An integral part of Amazon's cloud computing services is showing a sign of maturity, while adding a much anticipated element. The Elastic Compute Cloud (aka EC2), which facilitates a Linux server environment as a service for Web developers, has come out of beta.
Additionally, as previously rumored, Amazon.com has added an on-demand Windows Server environment to accompany the already existing OpenSolaris and Solaris Express Community Edition offerings.
Looking Back at EC2
Amazon has offered developers a Linux-based on-demand server infrastructure for two years now and has integrated much of the feedback received from its users in that time. This time, Amazon Web Services has added capabilities such as Elastic Block Storage, Availability Zones, and support for OpenSolaris and now Windows operating systems.
Moving Out of Beta, Offering New Levels of Support
With all this feedback and support, EC2 is ready for production and has dropped the "beta" tag for the Linux environment offerings. Also, Amazon has implemented a new Service Level Agreement (SLA) that gives users of EC2 guidelines and promises of what to expect from Amazon.com service and support. With small variances by region, Amazon is pledging uptime of at least 99.95% of the time.
Many enterprises and organizations have not evaluated EC2 and other Amazon Web Services offerings because of the lack of an SLA to go back against in the event of prolonged downtime or service interruptions. Prior to this announcement, the only AWS service that had an SLA was the online storage service titled Simple Storage Service.
Up until this point, Web programmers only looked at EC2 if their host platform was Linux or Solaris based. As of this morning, Amazon Web Services is enabling EC2 access to Microsoft Windows and SQL Server environments. After launching their Windows environment, EC2 users can access their new virtual Windows server via Windows Remote Desktop for their application hosting needs.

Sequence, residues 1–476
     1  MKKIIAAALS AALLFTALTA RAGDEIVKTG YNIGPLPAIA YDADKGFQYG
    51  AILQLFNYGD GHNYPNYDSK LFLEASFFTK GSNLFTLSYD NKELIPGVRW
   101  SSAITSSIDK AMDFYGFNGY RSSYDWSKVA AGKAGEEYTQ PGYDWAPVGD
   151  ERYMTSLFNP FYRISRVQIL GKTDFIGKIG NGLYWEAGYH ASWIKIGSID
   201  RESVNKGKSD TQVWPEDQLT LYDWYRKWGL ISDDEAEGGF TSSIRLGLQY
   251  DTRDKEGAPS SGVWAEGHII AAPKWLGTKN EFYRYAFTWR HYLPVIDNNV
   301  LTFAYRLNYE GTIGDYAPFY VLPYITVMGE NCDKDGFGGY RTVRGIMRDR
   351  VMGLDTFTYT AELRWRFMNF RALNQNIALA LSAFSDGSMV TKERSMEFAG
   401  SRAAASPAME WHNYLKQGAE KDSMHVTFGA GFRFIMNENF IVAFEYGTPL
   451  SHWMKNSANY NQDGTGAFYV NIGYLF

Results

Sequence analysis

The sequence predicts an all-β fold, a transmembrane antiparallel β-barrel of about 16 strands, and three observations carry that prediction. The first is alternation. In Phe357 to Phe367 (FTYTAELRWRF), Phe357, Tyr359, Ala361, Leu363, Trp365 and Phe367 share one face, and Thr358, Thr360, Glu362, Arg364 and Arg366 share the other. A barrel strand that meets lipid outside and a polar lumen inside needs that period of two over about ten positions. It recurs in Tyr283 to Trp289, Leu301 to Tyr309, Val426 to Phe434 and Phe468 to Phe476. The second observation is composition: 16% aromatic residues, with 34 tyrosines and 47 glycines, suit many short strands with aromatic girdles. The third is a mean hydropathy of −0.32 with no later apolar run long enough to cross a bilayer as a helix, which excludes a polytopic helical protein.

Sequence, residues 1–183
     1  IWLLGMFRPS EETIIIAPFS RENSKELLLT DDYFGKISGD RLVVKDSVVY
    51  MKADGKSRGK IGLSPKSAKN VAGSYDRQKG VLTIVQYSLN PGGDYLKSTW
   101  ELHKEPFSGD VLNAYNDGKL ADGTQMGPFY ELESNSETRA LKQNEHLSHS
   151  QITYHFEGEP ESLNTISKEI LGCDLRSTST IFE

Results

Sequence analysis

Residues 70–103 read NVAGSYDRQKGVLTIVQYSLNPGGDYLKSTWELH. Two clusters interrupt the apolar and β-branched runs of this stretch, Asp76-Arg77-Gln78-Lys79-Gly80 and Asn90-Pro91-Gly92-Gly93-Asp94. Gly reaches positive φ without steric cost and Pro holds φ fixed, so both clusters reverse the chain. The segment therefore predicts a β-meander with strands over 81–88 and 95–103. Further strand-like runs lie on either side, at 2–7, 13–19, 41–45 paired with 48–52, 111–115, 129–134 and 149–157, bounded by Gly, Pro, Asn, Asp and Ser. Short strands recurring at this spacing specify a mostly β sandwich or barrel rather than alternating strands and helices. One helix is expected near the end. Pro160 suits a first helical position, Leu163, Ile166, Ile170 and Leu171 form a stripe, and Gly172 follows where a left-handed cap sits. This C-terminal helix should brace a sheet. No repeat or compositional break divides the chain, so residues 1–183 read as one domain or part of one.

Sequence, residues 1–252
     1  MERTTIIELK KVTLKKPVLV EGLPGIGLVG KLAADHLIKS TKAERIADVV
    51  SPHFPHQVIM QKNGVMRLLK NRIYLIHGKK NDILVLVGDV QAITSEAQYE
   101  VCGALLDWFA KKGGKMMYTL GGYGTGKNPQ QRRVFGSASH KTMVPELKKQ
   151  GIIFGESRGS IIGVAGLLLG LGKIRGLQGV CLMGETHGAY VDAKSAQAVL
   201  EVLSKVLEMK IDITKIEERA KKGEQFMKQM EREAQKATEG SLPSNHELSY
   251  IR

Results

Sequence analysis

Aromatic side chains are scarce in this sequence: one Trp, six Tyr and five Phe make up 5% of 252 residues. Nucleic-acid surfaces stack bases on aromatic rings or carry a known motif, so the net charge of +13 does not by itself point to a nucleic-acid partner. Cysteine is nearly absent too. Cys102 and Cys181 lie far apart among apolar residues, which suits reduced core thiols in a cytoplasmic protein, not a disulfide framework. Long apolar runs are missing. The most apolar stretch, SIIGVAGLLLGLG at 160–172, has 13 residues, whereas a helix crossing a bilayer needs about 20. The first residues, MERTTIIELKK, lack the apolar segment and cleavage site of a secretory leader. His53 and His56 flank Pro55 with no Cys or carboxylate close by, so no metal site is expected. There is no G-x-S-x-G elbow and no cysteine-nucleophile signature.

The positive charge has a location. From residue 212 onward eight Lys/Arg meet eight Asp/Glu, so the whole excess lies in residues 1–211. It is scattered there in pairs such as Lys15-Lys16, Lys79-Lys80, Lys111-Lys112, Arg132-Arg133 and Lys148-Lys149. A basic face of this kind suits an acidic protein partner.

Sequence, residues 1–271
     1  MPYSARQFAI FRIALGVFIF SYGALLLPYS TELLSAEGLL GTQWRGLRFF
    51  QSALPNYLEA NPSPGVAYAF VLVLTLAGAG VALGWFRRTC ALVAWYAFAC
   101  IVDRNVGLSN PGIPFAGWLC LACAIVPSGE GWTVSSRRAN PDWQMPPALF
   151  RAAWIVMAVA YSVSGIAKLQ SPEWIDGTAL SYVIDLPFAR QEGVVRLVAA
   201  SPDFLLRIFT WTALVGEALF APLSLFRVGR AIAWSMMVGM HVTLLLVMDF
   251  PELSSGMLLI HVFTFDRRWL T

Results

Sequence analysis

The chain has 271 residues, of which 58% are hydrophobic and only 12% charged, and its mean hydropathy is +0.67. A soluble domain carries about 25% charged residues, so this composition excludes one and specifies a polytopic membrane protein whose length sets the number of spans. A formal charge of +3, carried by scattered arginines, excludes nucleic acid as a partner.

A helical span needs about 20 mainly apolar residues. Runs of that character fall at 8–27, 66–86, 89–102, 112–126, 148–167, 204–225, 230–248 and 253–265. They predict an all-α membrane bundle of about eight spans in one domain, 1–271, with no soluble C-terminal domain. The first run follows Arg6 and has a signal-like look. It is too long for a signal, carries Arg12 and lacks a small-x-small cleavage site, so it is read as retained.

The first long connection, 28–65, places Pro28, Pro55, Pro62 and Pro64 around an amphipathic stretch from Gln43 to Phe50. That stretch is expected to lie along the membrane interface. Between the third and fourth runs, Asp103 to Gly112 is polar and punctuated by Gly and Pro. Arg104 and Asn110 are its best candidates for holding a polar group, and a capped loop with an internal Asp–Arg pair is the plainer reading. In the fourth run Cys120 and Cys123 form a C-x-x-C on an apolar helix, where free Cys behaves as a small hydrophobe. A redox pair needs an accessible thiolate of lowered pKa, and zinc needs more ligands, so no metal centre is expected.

With today's announcement from Amazon Web Services, the cloud computing offering jumps into the fray of enterprise-level application support. Many IT managers, when evaluating a new service or offering, look the other way when they see anything with a "beta" tag attached to it. By putting the service into production, Amazon instills a sense of confidence in those looking at hosted options for Web-based applications.
Also, by embracing the Windows environment, Amazon has new appeal to a new audience of application developers. To date, only open-source based Web application developers who write code relying on Linux or OpenSolaris would look AWS' way to host their web application. Now, with Windows support, .NET developers and SQL Server developers have AWS as an option. When looking at the Web application development market, .NET has a huge footprint, providing a good bit of hope for Amazon's Web Services adoption.
These factors, combined with the Service Level Agreement, will bode well for Amazon's maturing cloud computing offering. Amazon already benefits from brand name recognition, and those looking to deploy services into the Cloud will have added confidence (especially, when compared to the service's competition like Google) in Amazon Web Services as a reliable platform to go to market with.
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